As I was returning from a morning reading the paper down Coogee Beach, I noticed a man on the brink of what looked like a heart attack. He was clenching his chest, wobbling over the footpath and heading to a tree which he gripped onto.
I felt my insides freeze up. I looked around the main street of Coogee to find that I was the only person in the immediate vicinity.= display_ad('x18', 'hidden-xs hidden-md mm_incontent', 'MM In Content'); ?>= display_ad('x20', 'visible-xs mm_mob_incontent', 'MM In Content (Mobile)'); ?>
Panic. This one was mine. I rushed over to the man.
“Are you OK?” I asked. Clearly he wasn’t.
“Is it your chest?” I asked.
He grabbed onto me, his whole body was shaking, he was heavy.
I looked around for help.
“Will I call an ambulance?” I said.
“No, no,” he said.
“Are you sure?” I was freaked , grabbed my phone with one hand, ‘I’m calling an ambulance.”
“No, not an ambulance, just help me home,” he said shaking, leaning on me, pale as a ghost, stinking.
Somebody else was rushing to my aide. An American tourist with a busted nose. He asked the man some more questions. The man assured us he would be okay if we could just help him home. I held onto one side of the man, and the American tourist held the other side.
“Where do you live?” I asked.
“Just up here,” he stammered in an Irish accent.
So the Aussie, the Irishman and the American all walked slowly towards the house he referred to.
Luckily it was not far. As he went for his keys his hands shook so much he could not retrieve them.
“You’ll have to get them out of my pocket,” he said to the American tourist.
As it flung open a strong smell of what could only be described as stale urine greeted us. I was gagging on the inside. We took him over to a chair.
His house was filthy. As he sat down the American Tourist and I looked at each other.
“Should we call an ambulance?” I asked him.
“Look mate,” he said, “You need to see a doctor.”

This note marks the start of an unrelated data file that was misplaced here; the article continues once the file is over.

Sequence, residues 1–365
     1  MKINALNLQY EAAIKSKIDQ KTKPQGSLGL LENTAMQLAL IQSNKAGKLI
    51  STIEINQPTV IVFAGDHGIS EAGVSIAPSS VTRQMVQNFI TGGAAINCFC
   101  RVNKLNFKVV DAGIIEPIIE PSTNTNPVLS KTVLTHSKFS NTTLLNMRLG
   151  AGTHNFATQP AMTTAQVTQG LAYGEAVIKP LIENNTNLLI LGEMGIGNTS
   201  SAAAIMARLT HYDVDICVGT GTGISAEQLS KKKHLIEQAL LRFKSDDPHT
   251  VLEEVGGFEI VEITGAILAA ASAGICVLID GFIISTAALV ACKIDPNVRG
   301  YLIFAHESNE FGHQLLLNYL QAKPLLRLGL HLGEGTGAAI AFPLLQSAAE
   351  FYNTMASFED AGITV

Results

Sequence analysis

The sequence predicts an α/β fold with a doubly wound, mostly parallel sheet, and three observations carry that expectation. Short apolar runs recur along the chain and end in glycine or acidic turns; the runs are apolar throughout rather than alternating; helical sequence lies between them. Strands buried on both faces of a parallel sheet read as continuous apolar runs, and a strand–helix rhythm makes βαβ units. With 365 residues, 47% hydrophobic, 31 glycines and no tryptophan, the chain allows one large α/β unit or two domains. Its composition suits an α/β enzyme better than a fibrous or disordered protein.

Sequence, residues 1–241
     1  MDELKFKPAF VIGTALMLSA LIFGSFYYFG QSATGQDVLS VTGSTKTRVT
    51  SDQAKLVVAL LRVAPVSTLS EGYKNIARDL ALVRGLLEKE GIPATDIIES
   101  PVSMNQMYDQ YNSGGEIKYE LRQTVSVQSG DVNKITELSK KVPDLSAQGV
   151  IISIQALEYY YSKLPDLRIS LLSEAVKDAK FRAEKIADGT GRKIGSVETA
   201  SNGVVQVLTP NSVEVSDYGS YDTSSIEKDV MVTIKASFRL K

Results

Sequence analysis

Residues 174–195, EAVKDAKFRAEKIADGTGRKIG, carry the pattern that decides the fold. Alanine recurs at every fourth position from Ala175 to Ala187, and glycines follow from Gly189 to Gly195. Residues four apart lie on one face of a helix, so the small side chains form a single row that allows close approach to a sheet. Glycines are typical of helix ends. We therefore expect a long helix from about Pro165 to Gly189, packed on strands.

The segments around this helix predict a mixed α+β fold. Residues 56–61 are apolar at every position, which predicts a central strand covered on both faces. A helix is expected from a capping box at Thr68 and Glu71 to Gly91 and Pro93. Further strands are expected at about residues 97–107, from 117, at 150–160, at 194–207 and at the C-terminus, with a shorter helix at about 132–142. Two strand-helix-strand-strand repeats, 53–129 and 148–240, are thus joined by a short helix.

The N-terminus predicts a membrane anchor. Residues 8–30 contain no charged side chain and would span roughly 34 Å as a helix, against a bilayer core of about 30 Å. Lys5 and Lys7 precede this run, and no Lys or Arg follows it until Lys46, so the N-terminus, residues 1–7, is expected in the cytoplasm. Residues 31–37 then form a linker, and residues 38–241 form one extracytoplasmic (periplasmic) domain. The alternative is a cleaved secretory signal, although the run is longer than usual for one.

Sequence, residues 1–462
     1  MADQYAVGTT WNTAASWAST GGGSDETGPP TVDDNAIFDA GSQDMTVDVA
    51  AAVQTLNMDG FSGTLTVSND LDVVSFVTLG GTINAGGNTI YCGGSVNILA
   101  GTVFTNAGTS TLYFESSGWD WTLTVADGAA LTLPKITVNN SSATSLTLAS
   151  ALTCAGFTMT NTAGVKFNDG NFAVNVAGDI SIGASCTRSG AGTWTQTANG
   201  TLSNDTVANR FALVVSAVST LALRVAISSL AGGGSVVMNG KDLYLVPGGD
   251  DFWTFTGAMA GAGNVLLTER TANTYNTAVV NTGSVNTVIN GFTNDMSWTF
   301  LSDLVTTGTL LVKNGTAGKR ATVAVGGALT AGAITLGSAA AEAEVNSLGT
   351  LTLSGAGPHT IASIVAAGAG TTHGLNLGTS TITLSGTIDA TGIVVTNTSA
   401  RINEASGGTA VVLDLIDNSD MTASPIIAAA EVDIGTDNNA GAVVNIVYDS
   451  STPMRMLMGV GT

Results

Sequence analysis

“No, no Doctor,” he said. “Could you just get me a beer from the fridge love?” he said to me.
It became clear what the trouble was.
I looked around his house for signs of family members.
“Does anyone else live here?” I asked.
I went to the fridge containing one long neck of VB and not much else. I took it to the man whose shaking hands received it as though I was giving him water in the desert. He drank it full pelt.
Just like that his shaking subsided and colour returned to his cheeks.
“Have a seat,” he said to the American Tourist and I.
We looked at each other uncomfortably and sat down. Too concerned to leave the stranger, and unsure what to do next.
“What happened to your nose?” I asked the American Tourist.
‘Got belted at the Palace last night,” he said.
The Irishman laughed.
“Is it broken?” the Irishman asked.
“Big night out then?” I asked
“Huge, can’t even remember it,” the American tourist said.
“I’m a bit hungover myself,” I confessed.
At that moment it was as though the Universe was issuing me a tutorial on the evils of drinking.
That day as three strangers sat in a smelly house together I was face to face with the not-so-fun side of it. We all sat there together, hearing stories from each others lives, awkwardly for an hour. When we were as sure as we could be that the Irishman was OK we went our separate ways.
Every time I passed that house, I wondered if the Irishman was OK.
I still wonder.
It was one of those experiences so random I am sure it happened for a reason.
Three strangers in Coogee united in varying states of alcohol inflicted pain, never to meet again, but never to forget their meeting.
Have you ever met a stranger who changed the way you think about your life?